FDA Considering Age Limits For Caffeinated Beverages?
Recent comments from an FDA official raise the prospect that the agency is considering minor's access to caffeinated beverages.
Recent comments by an official with the Food And Drug Administration have led some to wonder if the agency is considering more heavily regulating the use of caffeine as a food additive:
A few European countries have moved toward regulation — in Sweden, for example, many grocery stores do not sell energy drinks to people under 15. The United States is not likely to lead the charge into federal regulation tomorrow or next year, but when Michael Taylor, deputy commissioner for foods and veterinary medicine at the Food and Drug Administration, was asked last week, “Is it possible that FDA would set age restrictions for purchase?” he responded:
We have to be practical; enforcing age restrictions would be challenging. For me, the more fundamental questions are whether it is appropriate to use foods that may be inherently attractive and accessible to children as the vehicles to deliver the stimulant caffeine, and whether we should place limits on the amount of caffeine in certain products.
Taylor’s comment came in the context of the FDA’s announcement that, as the organization put it, “in response to a trend in which caffeine is being added to a growing number of products, the agency will investigate the safety of caffeine in food products, particularly its effects on children and adolescents.” It’s a kind of nonchalant way to say that the organization in charge of making sure everything we eat and drink is safe for us is, decades into the mass marketing and sale of heavily caffeinated products without regulation to all U.S. markets, going to look into their safety.
To a large degree, these signals from the FDA are being motivated by the increasing popularity, among both adults and teenagers, of high caffeine energy drinks like Red Bull, Rock Star, and Monster. There has also been no small degree of controversy about products that mix high levels of caffeine with alcohol, which have been subjected to sales restrictions and FDA warnings for several years now. This last measure is understandable since there do appear to be adverse health risks associated with mixing high levels of caffeine with alcohol, even for people who are generally healthy. Of course, any action the FDA takes doesn’t prevent individuals from preparing such beverages themselves at home.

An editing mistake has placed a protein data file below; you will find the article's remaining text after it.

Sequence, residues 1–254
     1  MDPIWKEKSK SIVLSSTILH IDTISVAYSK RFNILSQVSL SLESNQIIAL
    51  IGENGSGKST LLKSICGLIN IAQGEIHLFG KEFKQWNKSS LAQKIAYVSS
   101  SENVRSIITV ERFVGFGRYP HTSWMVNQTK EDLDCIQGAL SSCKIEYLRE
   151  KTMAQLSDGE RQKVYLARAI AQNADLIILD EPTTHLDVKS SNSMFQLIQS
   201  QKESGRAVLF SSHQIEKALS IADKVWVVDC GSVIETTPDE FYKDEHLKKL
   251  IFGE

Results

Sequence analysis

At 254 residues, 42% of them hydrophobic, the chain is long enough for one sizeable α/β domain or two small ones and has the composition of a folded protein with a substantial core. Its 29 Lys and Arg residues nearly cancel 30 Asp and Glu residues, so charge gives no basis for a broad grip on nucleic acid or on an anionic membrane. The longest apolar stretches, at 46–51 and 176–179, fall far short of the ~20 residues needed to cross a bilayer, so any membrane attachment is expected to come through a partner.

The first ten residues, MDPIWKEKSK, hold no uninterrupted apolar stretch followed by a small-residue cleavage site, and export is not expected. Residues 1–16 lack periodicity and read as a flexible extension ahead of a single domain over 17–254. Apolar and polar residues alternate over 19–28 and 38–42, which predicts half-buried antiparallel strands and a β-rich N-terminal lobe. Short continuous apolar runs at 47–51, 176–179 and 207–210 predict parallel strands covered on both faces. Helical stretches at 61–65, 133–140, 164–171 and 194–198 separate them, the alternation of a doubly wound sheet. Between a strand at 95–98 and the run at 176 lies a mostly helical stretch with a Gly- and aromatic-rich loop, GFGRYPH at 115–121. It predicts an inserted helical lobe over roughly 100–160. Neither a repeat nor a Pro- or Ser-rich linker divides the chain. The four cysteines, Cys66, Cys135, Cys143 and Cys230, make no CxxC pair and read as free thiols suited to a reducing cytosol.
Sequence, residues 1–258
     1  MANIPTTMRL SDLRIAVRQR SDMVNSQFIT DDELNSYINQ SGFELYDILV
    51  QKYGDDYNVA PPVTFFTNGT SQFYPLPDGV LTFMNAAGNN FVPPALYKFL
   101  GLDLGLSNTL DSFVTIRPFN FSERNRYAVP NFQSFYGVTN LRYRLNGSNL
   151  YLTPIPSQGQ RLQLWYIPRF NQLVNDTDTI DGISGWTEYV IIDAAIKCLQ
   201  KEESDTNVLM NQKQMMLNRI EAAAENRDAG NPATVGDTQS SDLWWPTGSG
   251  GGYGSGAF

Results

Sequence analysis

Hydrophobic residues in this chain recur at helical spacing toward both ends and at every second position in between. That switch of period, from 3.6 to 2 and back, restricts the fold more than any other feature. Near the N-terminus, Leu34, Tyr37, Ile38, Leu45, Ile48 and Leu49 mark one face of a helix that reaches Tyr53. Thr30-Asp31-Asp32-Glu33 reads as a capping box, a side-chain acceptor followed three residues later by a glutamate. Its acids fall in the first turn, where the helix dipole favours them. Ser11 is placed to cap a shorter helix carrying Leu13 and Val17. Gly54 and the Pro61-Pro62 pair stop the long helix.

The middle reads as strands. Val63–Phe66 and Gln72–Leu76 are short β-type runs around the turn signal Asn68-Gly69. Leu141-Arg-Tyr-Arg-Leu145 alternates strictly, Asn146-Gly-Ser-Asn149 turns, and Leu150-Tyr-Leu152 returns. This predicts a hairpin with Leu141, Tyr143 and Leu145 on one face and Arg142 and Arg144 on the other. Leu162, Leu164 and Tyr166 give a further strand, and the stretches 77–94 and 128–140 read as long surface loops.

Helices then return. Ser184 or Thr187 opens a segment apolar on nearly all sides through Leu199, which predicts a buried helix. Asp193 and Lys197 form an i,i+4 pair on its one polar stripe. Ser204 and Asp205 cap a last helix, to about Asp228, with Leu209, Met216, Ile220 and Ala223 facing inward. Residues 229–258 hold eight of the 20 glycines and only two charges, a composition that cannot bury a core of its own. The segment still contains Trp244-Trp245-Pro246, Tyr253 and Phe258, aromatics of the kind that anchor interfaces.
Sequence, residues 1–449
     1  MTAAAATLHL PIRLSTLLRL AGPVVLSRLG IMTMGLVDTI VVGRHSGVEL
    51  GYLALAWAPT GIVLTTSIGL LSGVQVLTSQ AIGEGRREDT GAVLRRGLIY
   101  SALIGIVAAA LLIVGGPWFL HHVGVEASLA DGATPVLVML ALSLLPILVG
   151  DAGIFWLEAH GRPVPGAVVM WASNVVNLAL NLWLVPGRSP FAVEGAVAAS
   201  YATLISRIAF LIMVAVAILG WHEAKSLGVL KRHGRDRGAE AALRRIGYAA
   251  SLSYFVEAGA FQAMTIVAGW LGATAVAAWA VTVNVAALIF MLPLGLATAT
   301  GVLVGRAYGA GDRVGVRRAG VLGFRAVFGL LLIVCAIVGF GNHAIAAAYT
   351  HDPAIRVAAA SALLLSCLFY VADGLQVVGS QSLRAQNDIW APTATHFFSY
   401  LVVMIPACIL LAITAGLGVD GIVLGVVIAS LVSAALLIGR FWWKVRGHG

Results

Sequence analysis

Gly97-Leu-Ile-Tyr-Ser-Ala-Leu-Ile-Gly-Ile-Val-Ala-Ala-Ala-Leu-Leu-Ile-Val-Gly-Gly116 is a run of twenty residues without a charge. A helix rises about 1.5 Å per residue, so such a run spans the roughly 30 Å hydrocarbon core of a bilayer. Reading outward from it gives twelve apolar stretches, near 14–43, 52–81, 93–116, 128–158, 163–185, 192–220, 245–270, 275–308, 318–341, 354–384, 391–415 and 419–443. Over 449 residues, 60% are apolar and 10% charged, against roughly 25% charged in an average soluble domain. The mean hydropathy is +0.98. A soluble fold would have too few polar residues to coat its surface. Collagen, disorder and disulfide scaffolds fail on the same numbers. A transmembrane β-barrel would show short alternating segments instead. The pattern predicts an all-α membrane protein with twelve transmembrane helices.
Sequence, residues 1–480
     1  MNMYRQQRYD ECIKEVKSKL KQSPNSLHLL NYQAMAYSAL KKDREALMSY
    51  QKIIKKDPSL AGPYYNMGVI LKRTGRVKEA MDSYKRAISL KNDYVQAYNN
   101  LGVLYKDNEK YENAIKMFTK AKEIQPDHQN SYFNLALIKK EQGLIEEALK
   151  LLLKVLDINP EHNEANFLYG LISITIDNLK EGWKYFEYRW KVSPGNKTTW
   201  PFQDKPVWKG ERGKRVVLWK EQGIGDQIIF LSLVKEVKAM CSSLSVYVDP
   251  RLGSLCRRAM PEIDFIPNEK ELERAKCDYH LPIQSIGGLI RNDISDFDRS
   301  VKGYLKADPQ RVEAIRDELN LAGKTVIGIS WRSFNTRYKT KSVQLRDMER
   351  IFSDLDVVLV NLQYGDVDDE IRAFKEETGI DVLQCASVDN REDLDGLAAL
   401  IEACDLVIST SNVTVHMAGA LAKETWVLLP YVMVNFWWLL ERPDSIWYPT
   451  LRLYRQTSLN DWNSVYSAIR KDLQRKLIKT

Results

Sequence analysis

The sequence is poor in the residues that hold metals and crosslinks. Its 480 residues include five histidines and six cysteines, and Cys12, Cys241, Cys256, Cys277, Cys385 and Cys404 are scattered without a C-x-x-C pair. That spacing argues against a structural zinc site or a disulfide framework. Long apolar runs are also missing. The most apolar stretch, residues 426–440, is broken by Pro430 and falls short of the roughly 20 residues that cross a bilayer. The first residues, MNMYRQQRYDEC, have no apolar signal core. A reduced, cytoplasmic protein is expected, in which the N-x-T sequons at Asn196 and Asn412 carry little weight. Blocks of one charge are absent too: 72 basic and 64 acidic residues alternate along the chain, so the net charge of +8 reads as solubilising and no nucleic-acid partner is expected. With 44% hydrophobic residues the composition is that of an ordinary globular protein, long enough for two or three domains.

With specific reference to caffeine itself, though, there appears to be some ambiguity about just how much of a health risk it actually poses. Some medical groups have warned against excessive caffeine intake, especially by adolescents, but teenagers have been consuming such beverages for a very long period of time with no apparent deleterious effects on their health. Additionally, there’s plenty of research that suggests that caffeine has several important health benefits, so it’s hard to say that the substance is, in and of itself dangerous.
More broadly, though, this strikes me as another situation where the government would be substituting its judgment for the judgment and choices of free individuals. Let’s concede for the sake of argument that there might be health concerns related to the consumption of caffeinated beverages by minors, the question that arises next is why that should be the basis for broad policy prescriptions by the state that would impact not just teenagers, but also adults. Much as with the idiotic efforts of some communities to regulate the contents of McDonald’s Happy Meals, this strikes me as a situation where parents should be allowed to make judgments on how best to raise their children. If they’re comfortable with allowing their 17 year old reasonable access to caffeinated beverages, why should the state have any say in the matter at all? Indeed, I recall drinking coffee by the time I was 15 or 16. I didn’t overdo it, and this is long before the days when there was a Starbucks on every corner, but I certainly don’t think I was putting myself at risk in any significant respect, and if my parents had thought I was then they could have restricted my access to the beverage. On the whole, parents are fairly good guardians of their children’s health, I see no reason for the state to step in and take over the job for them.
H/T: United Liberty